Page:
The Shadows grow ever darker across the Demi-Monde. And as the soldiers of Heydrich’sForthRight goose-step into Paris and the long-forgotten evil that is Lilith is awoken, it falls to Norma Williams to lead the resistance. Lost in the virtual nightmare that is the Demi-Monde, she must come to terms with these terrible responsibilities and with the knowledge that those she thought were her friends are now her enemies. To triumph in this surreal cyber-world she must be more than she ever believed she could be…or perish.

Amazon.com

When I finished DM: Spring I decided that I needed some time to mull over it instead of immediately writing a gushing post about how the book made the think and feel, etc. This book was very different f

rom it’s predecessor, but that doesn’t mean I disliked it, nor was it bad. Through the course of the book Rees showed the same attention to historical detail that first attracted me to his first novel, but this time instead of having a pseudo-supernatural twist there was a distinct change in the trend of the novel. The first was filled with both personal and political struggle, and in that the second book fell a bit short. However this book featured a masterful blending of science-fiction and fantasy by incorporating tales of Lilith and the Grigori as central plot-points.
Thinking back, I really did enjoy the book, and look forward to the next one in the series, if not just to find out a few key details about some lingering questions I had during this one. Sadly characters like Vanka Maykov, whose russian accent I spent trying to imitate (much to the amusement of my friends and roommates) was not as present in this book. That was highly disappointing for me, since I fangirled all over the place while Ella got to know him during the first novel. In addition, as you can see from the amazon blurb above, Ella Thomas is not a focus of the novel. Norma is. Yes, whiny little no-backbone Norma. Who I hate(d). It’s really not as bad as at seems, especially since theres a lovely french broad named Odette who also garners a lot of focus.

January 26, 2012

Demi-Monde: Winter

As much as I hate to start a review with a definition, I think that it’s appropriate in this setting.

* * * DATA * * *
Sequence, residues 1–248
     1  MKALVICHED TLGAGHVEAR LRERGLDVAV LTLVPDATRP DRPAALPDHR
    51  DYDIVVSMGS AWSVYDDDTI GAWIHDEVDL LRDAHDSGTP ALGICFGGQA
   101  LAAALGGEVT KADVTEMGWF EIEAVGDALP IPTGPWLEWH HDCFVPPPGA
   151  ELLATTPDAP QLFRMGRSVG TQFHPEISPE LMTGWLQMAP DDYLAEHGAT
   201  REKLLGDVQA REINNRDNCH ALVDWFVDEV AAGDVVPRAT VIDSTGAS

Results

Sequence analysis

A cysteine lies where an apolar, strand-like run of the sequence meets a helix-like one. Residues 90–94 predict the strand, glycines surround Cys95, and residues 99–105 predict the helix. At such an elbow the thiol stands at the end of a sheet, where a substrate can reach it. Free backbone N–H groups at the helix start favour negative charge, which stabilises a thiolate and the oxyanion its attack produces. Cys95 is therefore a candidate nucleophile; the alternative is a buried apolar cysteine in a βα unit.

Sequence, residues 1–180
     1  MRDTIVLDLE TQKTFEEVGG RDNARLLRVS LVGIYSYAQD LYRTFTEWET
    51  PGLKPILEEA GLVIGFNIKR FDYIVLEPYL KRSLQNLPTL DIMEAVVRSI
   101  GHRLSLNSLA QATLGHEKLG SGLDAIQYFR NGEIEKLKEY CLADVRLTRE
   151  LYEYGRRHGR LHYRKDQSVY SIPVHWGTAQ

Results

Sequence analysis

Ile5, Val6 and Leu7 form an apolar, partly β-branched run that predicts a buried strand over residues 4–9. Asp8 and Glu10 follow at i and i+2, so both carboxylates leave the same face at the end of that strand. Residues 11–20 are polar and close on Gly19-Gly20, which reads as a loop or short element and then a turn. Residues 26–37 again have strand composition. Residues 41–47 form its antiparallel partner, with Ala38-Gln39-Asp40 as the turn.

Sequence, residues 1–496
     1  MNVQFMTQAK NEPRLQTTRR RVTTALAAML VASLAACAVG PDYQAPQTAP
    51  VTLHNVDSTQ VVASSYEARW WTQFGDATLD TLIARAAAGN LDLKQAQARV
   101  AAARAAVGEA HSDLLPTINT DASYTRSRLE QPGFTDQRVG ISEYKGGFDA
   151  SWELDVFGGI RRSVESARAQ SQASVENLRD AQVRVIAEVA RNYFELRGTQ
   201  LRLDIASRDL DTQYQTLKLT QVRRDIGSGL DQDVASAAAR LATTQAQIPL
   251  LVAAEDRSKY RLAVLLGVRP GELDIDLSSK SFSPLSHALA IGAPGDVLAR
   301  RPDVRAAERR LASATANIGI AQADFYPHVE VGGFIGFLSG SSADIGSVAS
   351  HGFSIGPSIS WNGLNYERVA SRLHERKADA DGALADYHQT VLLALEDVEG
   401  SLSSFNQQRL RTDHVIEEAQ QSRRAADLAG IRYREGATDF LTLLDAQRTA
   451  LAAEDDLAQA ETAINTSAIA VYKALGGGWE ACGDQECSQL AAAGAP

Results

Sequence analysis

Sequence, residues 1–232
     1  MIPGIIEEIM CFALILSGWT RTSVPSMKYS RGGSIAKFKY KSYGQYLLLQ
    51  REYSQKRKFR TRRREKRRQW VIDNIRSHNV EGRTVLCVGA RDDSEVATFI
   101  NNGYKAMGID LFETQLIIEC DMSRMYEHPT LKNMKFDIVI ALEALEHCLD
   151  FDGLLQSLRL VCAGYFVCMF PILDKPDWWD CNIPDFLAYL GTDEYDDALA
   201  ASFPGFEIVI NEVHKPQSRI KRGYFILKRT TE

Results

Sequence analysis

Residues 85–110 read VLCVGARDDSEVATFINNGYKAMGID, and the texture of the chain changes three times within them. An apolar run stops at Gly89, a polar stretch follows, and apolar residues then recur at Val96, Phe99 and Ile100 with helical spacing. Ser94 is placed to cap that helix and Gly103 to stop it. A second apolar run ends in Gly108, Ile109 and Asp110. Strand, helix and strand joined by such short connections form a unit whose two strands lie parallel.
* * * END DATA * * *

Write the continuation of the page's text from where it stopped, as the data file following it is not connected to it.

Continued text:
“a shadow world where the norms of civilised behaviour have been abandoned. It is often the artistic and intellectual cliques who are thought to inhabit the Demi-Monde as these are populated by those individuals who find it difficult to accept/obey the precepts and morality of “civilised” society.”

or

“Hell”

The first definition is the sociological explanation that covers Demi-Monde as a phrase, and the second is Rod Rees’ definition of the setting for his novel. The literal translation of Demi-Monde is Half-World, and Rees takes all three of the definitions presented, and creates a world that is the complete opposite of what we think is right and good. The thing that I think is the most interesting about the world Rees’ created is that it’s a combination of all the periods of our own history. The results are drastic, particularly places them in a world where technology is readily available, and there is a peculiar thirst for blood. I mean that literally, the denizens of the Demi-Monde are require

d to ingest a certain amount of blood to survive. In this reality political systems that never came to fruition because society rejected them are the norm. HimPerialism, and HerEticalism, are the main political systems of the Demi-Monde, that are controlled by Beria, and Empress Wu respectively.

However the Demi-Monde isn’t representation of an alternate reality in which this all came to fruition. It’s a virtual reality, a computer based training camp for the U.S. military to give it’s untrained soliders the chance to experience a real world combat situation. Ella Thomas is the lucky  young woman whose life gets turned upside-down when she is sent to the Demi-Monde on a mission from the government. She is an African-American woman, whose singing voice, intelligence, and appearance are used to the advantage of the U.S. military in a rescue mission. They send her in as a “shade chirp” aka a black jazz singer, and her sole mission is to find and retrive the daughter  of the U.S. President, who was tricked into entering the Demi-Monde. She of course is dragged into so much more than what she expected, and she and the characters you meet along the way prove to be instrumental in the fate of the people of the Demi-Monde and the real world as well.

I had the second novel shipped from England because I needed to continue the story, and I will be reviewing that as soon as it gets here, and i’ve read it. (fingers crossed for February 7th)

Get Demi-Monde at AbeBooks!
It’s also 1.99 on the Kindle on Amazon, but supporting small independent bookstores is more important.